Korean Scallion Pancake

It all started with the Korean scallion and seafood pancake (huemul pajeon) that we had at a Korean restaurant in Shangri-La Plaza last year. I was intrigued by the unique texture of the pancake and when I chanced upon a bag of Korean pancake mix (buchimgae) in an Oriental food shop in Cartimer, I grabbed one.

I was going to make the seafood version but I never seem to have all the seafood varieties that I need all at once so I procrastinated. Then, at the prodding of a fellow foodie who assured me that pajeon (or pajeon or pa jun) is still delicious even without the seafood, I finally made a Korean scallion pancake yesterday. It was so good. Who would have thought that with such simple ingredients, anything can taste so delicious? The best thing is that, after a little research, I know that when the bag of pancake mix is empty, I will still be able to make Korean pancakes at home because I have discovered the basic ingredients for the pancake mix.

Add water to the pancake mix. How much? Start with 1/2 cup of water for a cup of pancake mix. Stir the water and pancake mix. The consistency should be similar to Western pancake batter. Rather thin and pourable but not watery. If the mixture is too lumpy and thick, add more water little by little until you get the correct consistency.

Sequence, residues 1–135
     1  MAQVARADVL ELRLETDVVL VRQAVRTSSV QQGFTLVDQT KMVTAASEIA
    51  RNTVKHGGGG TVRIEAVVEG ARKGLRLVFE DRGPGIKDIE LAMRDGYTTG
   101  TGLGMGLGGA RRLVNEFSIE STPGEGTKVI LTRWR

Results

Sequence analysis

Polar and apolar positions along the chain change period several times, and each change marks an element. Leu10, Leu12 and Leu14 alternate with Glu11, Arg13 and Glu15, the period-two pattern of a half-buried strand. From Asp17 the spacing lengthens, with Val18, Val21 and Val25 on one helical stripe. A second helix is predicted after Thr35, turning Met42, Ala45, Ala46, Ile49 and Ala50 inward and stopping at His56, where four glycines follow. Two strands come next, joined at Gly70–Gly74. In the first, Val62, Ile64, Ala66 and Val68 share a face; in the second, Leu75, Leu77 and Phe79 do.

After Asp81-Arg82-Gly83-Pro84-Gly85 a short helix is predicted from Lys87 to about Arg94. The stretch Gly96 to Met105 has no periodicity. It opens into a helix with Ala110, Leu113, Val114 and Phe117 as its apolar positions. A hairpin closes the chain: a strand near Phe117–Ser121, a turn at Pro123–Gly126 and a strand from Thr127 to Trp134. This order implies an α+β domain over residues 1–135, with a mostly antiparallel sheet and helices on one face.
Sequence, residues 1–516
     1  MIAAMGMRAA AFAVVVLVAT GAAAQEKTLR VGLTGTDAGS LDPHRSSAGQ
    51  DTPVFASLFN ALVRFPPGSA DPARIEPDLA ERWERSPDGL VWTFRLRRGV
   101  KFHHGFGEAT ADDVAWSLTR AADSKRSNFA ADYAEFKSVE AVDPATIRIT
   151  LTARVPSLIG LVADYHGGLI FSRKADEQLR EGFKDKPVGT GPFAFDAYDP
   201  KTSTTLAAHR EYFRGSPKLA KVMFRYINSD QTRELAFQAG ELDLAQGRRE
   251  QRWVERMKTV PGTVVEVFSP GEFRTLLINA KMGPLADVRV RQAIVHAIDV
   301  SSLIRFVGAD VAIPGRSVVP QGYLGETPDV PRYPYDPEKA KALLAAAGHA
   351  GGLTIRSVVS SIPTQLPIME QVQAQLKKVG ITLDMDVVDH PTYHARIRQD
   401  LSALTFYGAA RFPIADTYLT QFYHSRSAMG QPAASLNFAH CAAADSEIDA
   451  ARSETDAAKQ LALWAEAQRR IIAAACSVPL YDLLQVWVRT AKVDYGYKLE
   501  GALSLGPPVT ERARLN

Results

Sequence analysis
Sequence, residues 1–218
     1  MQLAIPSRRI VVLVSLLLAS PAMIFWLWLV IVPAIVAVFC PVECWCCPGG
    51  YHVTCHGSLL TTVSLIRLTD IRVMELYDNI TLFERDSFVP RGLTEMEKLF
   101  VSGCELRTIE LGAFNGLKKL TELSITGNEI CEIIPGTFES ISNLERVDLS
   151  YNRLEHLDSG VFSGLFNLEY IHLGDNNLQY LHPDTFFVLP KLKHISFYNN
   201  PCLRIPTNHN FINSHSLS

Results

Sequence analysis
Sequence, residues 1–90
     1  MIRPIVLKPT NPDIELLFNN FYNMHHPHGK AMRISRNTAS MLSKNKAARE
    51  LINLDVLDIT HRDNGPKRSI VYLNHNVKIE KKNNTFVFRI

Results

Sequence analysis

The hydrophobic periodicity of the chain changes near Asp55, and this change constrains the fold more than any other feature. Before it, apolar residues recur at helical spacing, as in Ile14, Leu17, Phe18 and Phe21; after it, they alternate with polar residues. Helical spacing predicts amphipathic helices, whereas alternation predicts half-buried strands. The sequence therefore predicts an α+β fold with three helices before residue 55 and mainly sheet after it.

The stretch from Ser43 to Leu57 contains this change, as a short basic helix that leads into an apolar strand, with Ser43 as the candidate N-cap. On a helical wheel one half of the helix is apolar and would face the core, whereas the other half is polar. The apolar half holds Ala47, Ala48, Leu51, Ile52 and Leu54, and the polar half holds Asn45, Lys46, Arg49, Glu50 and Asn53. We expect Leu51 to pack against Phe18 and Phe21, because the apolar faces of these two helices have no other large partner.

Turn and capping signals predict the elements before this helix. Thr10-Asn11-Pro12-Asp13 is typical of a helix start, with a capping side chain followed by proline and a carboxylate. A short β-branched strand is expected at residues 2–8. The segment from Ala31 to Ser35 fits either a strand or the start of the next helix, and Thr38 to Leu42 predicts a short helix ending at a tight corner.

Start adding the vegetables. First, the carrot sticks. Then, the mung bean sprouts. Finally, the scallions. Of course, you can change the order entirely. Or use some other combination of vegetables. But since this is a scallion pancake, don’t leave out the scallions. When all the vegetables have been added to the batter, stir.

Set the stove to medium heat. Pour enough oil into a frying fan so that the bottom is completely covered with oil. If you” are not using a non-stick pan, heat the pan before adding the oil to prevent the pancake from sticking. Don’t ask how that happens, I only know that it works.

Wilted Spinach and fried egg

There’s this spinach and tofu dish we had at Miyabi a couple of months ago that I’ve been itching to replicate at home. One time, I had spinach in the fridge but no tofu. Then, I saw a recipe for fried eggs and wilted greens in a blog that focuses on the South Beach diet and I decided to do my spinach dish with eggs instead of tofu. The result was a very tasty and filling brunch.

In a small pan, heat the soy sauce, black vinegar, and rice wine. Stir in the ginger. When the mixture starts to bubble, add the spinach. Cook over high heat, uncovered (the spinach will expel water and you want to let as much of the water evaporate) until the spinach wilts, about five minutes. Transfer the spinach and liquid into a shallow bowl, top with the fried egg, and drizzle with light soy sauce and sesame seed oil. Enjoy while hot.